‘I don’t blame him, I should be calming down a little bit,’ smiles Lucille. ‘But it’s exciting. I’ve got so many things I still want to say. And I think it’s just the start of this adventure.’
Lucille’s work is on show at The Cynthia Corbett Gallery / Young Masters Art Prize at the Royal Overseas League until September 8, young-masters.co.uk, lucillelewin.com
The high-end high street brands to luxe up your wardrobe
We earn a commission for products purchased through some links in this article.
Here's the lowdown on our favourite high-end high street brands, whether you're after hero pieces for your spring/summer wardrobe or something a little bit special, these luxe brands will be sure to spruce up your wardrobe.
As much as we love a good bargain, sometimes it’s nice to splash out on a proper investment piece and for this, we turn to the high-end high street brands to get our designer-for-less fix. We’ve rounded up all the best luxe brands and our favourite new-in pieces from each one.
Kitri shopping edit
Kitri is our go to place to add something a little bit special to our wardrobes. The London based brand was born a frustration of not being able to find well-made, distinctive designs that don’t cost a fortune. Their bold and colourful designs will be sure to add a touch of luxury to your wardrobe.
Floral Print Shirt Dress
SHOP NOW: Floral Print Shirt Dress, £145, sizes 6-16, Kitri
Midi Shirt Dress
SHOP NOW: Midi Shirt Dress, £145, sizes 6-16, Kitri
Hush shopping edit
Hush is about relaxed dressing at its best and has been slowly amassing a loyal following for a couple of years now. Their laidback designs are the perfect solution to our current isolation fashion dilemma.
The brand was founded in 2003 by Mandy Watkins, an Aussie who after moving to the UK decided to start her own label when she couldn’t find clothes she wanted to buy. Hush’s signature style is cosy stay-at-home pieces to escape from the British weather.
Having begun it’s journey with loungewear, what better brand to help dress us thourgh coronavirus than Hush?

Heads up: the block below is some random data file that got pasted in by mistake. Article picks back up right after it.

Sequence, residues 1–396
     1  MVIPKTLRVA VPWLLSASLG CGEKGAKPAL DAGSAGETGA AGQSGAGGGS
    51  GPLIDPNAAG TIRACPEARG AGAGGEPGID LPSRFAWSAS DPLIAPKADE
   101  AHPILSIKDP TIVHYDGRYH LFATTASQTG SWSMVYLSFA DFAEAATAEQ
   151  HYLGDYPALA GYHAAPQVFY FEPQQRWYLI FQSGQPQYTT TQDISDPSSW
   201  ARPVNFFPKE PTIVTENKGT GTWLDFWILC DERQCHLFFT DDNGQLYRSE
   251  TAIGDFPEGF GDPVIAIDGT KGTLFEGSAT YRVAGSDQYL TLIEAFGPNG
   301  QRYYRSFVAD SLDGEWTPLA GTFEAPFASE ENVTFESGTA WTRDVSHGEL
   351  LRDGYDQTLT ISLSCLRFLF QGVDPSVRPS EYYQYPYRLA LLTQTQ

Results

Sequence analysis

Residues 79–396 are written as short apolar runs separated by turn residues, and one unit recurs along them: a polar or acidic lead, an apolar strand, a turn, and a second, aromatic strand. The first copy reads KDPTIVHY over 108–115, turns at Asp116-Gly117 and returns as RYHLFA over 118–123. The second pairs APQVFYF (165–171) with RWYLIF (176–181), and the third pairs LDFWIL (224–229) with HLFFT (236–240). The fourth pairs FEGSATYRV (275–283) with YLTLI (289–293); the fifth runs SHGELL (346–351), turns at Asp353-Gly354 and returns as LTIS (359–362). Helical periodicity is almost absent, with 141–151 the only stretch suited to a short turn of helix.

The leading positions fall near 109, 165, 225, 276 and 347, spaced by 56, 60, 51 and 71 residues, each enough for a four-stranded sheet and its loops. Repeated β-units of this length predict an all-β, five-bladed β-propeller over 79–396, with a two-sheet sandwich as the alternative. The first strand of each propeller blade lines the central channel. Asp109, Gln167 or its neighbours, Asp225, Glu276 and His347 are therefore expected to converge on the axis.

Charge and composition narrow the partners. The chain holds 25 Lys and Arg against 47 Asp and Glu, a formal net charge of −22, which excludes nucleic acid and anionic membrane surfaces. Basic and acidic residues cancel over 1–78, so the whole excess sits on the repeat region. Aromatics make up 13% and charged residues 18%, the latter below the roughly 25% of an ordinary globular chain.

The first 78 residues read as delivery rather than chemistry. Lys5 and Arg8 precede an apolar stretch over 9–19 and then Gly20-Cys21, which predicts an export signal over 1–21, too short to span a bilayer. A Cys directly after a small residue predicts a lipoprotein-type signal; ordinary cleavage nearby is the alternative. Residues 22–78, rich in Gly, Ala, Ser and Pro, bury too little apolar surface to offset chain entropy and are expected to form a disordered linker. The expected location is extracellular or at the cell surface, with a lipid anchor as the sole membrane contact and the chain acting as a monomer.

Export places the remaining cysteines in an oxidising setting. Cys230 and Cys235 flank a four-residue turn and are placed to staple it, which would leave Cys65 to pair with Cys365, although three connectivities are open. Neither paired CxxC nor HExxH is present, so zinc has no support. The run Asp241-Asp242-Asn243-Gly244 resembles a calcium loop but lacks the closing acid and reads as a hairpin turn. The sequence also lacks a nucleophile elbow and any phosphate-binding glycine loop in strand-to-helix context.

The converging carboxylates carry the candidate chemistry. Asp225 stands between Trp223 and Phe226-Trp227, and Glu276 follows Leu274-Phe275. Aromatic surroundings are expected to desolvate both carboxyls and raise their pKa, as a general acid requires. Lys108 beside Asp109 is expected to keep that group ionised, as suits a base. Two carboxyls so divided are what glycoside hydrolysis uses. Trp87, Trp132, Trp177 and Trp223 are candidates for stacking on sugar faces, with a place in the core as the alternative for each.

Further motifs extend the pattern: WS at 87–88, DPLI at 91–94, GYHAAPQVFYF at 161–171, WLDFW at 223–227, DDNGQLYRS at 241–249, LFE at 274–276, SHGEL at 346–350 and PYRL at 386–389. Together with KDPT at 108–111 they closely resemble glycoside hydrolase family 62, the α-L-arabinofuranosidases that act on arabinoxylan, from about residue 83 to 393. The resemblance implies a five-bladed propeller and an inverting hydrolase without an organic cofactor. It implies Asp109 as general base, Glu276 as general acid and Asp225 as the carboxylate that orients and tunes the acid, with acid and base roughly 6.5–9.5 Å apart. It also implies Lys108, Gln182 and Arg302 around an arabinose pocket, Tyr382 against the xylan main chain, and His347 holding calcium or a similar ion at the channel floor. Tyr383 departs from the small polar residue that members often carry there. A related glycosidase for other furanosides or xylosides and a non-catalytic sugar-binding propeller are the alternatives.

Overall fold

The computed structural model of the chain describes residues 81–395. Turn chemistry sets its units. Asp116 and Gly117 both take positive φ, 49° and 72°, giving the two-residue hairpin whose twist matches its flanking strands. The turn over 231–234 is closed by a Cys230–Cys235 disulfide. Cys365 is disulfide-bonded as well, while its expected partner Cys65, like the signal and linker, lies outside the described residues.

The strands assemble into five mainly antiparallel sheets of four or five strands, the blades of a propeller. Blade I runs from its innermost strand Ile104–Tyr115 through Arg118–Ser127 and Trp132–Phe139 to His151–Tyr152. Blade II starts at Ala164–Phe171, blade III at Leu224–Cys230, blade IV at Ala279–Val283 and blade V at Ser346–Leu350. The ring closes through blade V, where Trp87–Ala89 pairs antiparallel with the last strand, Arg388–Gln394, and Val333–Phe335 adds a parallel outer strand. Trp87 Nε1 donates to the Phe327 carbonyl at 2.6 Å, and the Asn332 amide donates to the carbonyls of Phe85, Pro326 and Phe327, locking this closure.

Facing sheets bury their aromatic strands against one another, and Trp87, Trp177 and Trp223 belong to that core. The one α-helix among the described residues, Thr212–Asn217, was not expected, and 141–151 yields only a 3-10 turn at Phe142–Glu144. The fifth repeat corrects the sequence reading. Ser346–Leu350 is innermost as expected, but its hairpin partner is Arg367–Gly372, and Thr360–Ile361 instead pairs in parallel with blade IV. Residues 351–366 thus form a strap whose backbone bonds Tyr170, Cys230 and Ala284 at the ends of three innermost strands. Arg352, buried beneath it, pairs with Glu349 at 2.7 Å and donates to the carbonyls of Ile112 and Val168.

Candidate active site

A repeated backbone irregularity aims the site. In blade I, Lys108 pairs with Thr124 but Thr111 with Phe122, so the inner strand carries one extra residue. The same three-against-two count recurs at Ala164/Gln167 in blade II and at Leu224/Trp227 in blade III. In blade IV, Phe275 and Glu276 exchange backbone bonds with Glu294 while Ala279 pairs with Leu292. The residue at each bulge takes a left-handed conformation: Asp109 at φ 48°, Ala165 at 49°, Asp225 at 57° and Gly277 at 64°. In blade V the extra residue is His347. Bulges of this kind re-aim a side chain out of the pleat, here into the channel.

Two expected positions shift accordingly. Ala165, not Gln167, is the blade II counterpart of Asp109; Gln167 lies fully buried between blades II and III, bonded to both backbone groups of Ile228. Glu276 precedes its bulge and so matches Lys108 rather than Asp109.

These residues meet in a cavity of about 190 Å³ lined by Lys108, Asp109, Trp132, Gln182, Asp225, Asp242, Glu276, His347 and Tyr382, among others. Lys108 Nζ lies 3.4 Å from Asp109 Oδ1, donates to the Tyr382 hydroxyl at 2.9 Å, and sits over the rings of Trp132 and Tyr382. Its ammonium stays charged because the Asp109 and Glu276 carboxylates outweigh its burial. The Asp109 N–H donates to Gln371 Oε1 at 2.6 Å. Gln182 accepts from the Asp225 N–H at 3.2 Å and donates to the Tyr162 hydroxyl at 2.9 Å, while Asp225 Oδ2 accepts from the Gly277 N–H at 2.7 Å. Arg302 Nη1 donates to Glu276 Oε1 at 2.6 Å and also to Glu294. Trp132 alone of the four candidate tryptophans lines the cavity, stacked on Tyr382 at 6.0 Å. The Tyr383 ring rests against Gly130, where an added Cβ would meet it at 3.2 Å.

Wide-Leg Cotton Joggers
Relax in style with these cotton jersey blend wide-leg joggers.
SHOP NOW: Wide-Leg Cotton Joggers, £49, sizes 6-16, Hush
Add something a bit fancy to your loungewear collection with a metallic knitted co-ord. We’ll definitely be wearing this stylish combo out and about when we can.
SHOP NOW: Metallic Knit Vest, £55, sizes xs-xl and Metallic Knit Skirt, £69, sizes xs-xl, both Hush
Printed Midi Skirt
This printed skirt is both cheery and comfortable.
SHOP NOW: Printed Midi Skirt, £65, sizes 6-16, Hush
One of the most premium brands on the high street, Whistles’ collections always feature right at the top of our wish-lists. Although you can pay up to £700 for a dress from their bridal collection, some of their pieces are reasonably priced and will last you for years.
We love this khaki linen jumpsuit. Lightweight and easy-to-wear, it is comfy enough for around the house and will be perfect to wear this summer.
SHOP NOW: Nora Linen Jumpsuit, £149, sizes 4-18, Whistles
Floral Silk Dress
Just because we aren’t dressing up or going out at the moment, doesn’t mean we can’t dream of floral print midi dresses. Whistles do the most gorgeous occassionwear. We love this flattering wrap style number, that would also look great day-to-day paired with trainers.
SHOP NOW: Spring Flower Silk Dress, £289, sizes 4-18, Whistles
Button Front Cardigan